- A statement asserts that a statement is a statement that is false.
The statement violates an axiom of logic, so it doesn’t really matter whether the ostensible statement the so-called liar, really is a statement or has a truth value.
- Well the truth value can be true or false or something else — akin to being a true statement, if one knows what base it involves, else it may be false. The same for being a true statement, if one knows what base it involves.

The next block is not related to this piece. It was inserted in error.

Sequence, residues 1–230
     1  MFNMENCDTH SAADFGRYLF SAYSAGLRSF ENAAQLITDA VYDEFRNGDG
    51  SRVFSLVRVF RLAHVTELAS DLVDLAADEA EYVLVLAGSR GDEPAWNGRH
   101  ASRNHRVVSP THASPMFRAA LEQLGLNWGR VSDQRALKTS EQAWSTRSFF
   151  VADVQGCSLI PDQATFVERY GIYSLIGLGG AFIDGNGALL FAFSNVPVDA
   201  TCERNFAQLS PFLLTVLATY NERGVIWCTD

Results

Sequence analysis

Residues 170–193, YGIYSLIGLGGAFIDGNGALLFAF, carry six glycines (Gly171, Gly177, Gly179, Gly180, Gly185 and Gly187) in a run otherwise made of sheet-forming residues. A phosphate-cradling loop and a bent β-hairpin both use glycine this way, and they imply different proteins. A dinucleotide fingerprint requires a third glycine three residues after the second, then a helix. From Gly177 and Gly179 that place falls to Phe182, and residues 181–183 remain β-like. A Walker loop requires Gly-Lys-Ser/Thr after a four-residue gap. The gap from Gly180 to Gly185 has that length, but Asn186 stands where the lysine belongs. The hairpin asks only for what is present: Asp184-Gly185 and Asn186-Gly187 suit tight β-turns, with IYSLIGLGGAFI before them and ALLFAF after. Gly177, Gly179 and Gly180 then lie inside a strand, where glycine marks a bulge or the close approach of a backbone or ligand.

Esteban is calling attention to the fact that our place-value systems of representation for integers and other numbers are relative to the basis chosen to generate the sequence of implied place values. The basis is, in effect, the key to the code. We may take this as a special case of a more general fact, one I summed up as follows.
- Reference is relative to a frame of reference. In pragmatic semiotics, frames of reference are called sign relations.